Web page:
GARDENA — “The Secret Manzanar Guayule Rubber Project,” a program sponsored by the Manzanar Committee about the high-quality, natural rubber from the guayule (pronounced y-yoo-lee) plant that was researched and developed, in part, by Japanese Americans who were unjustly incarcerated at the Manzanar concentration camp during World War II, will be held on Sunday, Aug. 30, at 1 p.m. at the Merit Park recreation room in Gardena.
Rubber was in short supply during World War II, and with the U.S. in need of a new source of rubber, the government invested $37 million to support the Emergency Rubber Project (ERP) in Salinas, where more than 1,000 scientists and technicians worked to plant and grow 32,000 acres of guayule, a plant native to Mexico.
A smaller guayule rubber project was started at Manzanar to develop techniques for faster growth of the plant and to increase yield of a higher-quality rubber.
On five acres of land, and at a cost of about $100, 40 Manzanar incarcerees produced a higher-yield plant and a higher-quality rubber than the Salinas Project or natural tree rubber.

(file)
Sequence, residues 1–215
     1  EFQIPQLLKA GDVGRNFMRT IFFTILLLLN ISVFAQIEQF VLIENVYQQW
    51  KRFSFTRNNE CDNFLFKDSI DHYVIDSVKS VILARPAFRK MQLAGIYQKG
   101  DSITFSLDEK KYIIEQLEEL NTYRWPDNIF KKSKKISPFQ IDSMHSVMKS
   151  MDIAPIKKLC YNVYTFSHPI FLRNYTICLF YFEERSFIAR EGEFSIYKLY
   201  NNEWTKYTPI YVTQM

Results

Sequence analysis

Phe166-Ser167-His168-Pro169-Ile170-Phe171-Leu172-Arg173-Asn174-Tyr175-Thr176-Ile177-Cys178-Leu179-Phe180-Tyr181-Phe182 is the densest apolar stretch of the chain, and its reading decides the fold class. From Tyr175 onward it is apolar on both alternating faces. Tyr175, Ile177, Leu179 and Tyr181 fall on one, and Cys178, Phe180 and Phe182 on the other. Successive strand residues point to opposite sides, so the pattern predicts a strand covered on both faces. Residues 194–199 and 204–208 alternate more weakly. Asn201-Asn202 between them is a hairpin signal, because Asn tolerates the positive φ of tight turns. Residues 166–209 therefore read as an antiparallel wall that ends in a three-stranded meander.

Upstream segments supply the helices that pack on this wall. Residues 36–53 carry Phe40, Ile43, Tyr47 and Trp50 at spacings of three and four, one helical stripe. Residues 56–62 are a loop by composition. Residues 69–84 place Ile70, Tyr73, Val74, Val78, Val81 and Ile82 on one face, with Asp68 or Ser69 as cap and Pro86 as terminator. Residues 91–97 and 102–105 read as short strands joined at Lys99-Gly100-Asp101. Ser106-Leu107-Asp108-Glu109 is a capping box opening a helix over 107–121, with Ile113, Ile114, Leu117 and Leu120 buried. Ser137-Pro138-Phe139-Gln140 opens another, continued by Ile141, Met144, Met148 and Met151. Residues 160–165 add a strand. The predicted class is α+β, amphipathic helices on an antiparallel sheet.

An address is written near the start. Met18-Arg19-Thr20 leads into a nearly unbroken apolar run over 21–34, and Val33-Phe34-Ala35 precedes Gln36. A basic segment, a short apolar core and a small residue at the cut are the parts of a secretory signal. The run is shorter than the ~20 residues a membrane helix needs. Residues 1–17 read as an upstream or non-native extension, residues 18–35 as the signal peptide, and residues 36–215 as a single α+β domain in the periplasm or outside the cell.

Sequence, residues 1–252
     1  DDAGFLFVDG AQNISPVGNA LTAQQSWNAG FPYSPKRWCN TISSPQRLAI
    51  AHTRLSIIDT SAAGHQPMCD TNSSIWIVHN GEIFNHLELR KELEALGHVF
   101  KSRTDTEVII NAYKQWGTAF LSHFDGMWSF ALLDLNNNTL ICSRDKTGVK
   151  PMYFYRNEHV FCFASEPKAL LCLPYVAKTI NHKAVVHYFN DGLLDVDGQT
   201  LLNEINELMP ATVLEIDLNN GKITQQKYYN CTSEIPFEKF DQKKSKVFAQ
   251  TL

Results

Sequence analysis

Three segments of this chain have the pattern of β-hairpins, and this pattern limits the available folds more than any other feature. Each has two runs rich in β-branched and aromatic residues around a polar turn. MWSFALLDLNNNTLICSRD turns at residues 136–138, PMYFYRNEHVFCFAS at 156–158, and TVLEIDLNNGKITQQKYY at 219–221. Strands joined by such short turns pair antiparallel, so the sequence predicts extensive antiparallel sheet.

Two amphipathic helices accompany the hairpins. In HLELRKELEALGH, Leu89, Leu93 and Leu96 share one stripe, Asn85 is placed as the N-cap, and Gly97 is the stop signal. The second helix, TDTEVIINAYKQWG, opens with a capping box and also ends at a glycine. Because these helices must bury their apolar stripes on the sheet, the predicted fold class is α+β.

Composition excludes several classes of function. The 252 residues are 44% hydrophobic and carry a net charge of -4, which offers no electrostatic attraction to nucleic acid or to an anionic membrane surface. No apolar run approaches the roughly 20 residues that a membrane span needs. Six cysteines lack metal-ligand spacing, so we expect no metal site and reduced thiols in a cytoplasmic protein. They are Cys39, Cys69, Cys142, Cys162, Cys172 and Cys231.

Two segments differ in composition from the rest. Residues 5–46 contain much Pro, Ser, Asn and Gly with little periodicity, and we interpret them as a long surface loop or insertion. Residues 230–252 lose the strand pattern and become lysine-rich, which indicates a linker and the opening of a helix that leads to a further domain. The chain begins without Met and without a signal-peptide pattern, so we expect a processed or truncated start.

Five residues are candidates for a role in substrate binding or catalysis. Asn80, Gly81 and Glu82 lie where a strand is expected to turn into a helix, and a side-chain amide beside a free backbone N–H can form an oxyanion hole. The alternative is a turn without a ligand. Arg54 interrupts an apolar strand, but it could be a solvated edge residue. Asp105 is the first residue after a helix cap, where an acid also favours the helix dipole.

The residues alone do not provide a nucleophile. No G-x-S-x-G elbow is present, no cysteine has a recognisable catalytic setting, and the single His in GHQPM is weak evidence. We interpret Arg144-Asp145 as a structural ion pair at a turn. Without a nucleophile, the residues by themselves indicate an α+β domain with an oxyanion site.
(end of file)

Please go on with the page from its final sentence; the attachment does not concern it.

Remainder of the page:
Featured at the event will be Glenn H. Kageyama, Ph.D., professor of neuroscience and cell biology at California Polytechnic University, Pomona, whose father, the late horticulturalist Frank Kageyama, was a key figure in the Manzanar project during his incarceration. Glenn will speak about the history of guayule and his father’s work, and will demonstrate making rubber from guayule.
Also featured will be Colleen McMahan, Ph.D., lead research chemist for the Agricultural Research Service Domestic Natural Rubber Project, U.S. Department of Agriculture, who will talk about guayule as a domestic source of high-quality natural rubber, as well as its potential for low-cost bioenergy fuel.
The event is free and open to the public. The Merit Park recreation room is located at 58 Merit Park Dr. in Gardena. For more information, call (323) 662-5102 or email [email protected]